A lot of large mammals in Africa and Asia are currently threatened with extinction because the products into which they can be made into are in high demand around the world. Whether it’s the black rhino or the Bengal tiger, wild populations have been shrinking for decades. At the same time, it has become increasingly clear that the traditional response to poaching – a total ban on trade in threatened animals – has failed to stop the problem.
This strategy is embodied by the Convention on International Trade in Endangered Species (CITES) which went into force in 1975. Several free market advocates have criticized CITES over the years for effectively removing the possibility of sustainably harvesting from privately (or even locally/communally) owned populations. Most recently, zoologist Brendan Moyle has written on the topic of tiger conservation for the Institute of Public Affairs’ magazine:
Poaching is one of the biggest threats to the tiger’s survival. But poaching was once a problem for crocodile conservation
too. Widespread crocodile farming and a CITES-sanctioned trade drove poachers out of the market. The same approach could be applied to tigers.
China has perhaps 5,000 tigers in captive facilities (the USA has closer to 10,000). Tigers aren’t all that complicated to breed. But tiger farming is unpalatable to many people—it seems unethical, cold-blooded. It isn’t clear what makes tigers special. Various wild animals are farmed or ranched, including crocodiles, emus, parrots and butterflies. And in terms of cruelty, having wild tigers killed by traps or inefficient poisons in India far exceeds the fate of tigers in farms. It might be nicer to see tigers in the wild than on farms, but to make that happen we need to close down the black market.
Of course, when it comes to tigers and CITES, we must always reference the work of our good friend Barun Mitra of the Liberty Institute in Delhi. Last year Barun had an op-ed in The New York Times which made the case that we must “sell the tiger to save it”:
…like forests, animals are renewable resources. If you think of tigers as products, it becomes clear that demand provides opportunity, rather than posing a threat. For instance, there are perhaps 1.5 billion head of cattle and buffalo and 2 billion goats and sheep in the world today. These are among the most exploited of animals, yet they are not in danger of dying out; there is incentive, in these instances, for humans to conserve.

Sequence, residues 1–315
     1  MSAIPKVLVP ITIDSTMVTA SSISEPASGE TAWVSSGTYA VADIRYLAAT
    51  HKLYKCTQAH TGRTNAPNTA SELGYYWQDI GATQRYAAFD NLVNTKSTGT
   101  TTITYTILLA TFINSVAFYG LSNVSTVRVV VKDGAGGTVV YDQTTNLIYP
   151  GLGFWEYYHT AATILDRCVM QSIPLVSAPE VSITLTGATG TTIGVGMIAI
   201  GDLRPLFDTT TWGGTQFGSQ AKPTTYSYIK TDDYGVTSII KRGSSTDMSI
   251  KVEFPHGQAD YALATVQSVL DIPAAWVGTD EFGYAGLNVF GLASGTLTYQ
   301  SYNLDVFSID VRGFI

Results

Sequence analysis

So it can be for the tiger. In pragmatic terms, this is an extremely valuable animal. Given the growing popularity of traditional Chinese medicines, which make use of everything from tiger claws (to treat insomnia) to tiger fat (leprosy and rheumatism), and the prices this kind of harvesting can bring (as much as $20 for claws, and $20,000 for a skin), the tiger can in effect pay for its own survival. A single farmed specimen might fetch as much as $40,000; the retail value of all the tiger products might be three to five times that amount.
Yet for the last 30 or so years, the tiger has been priced at zero, while millions of dollars have been spent to protect it and prohibit trade that might in fact help save the species. Despite the growing environmental bureaucracy and budgets, and despite the proliferation of conservationists and conferences, the tiger is as close to extinction as it has been since Project Tiger, a conservation project backed in part by the World Wildlife Fund, was launched in 1972 and adopted by the government of India a year later.
If we truly value the tiger, this crisis presents an opportunity to help it buy its way out of the extinction it now faces. The tiger breeds easily, even in captivity; zoos in India are constantly told by the Central Zoo Authority not to breed tigers because they are expensive to maintain. In China, which has about 4,000 tigers in captivity, breeding has been perfected. According to senior officials I met in China, given a free hand, the country could produce 100,000 tigers in the next 10 to 15 years.
Of course, this pragmatic view of the tiger’s place in the world generated some backlash from the more sentimental animal lovers. One letter writer even detected “something morally odious” about the plan. That sort of response is unfortunate, since it implies that at least some supporters of the current policy are refusing to even consider an alternative out of a misplaced romantic notion about ‘noble beasts.’ One almost gets the impression that they’d rather see the species go extinct under the current system of government control than be saved by the market. Let’s hope they don’t prevail.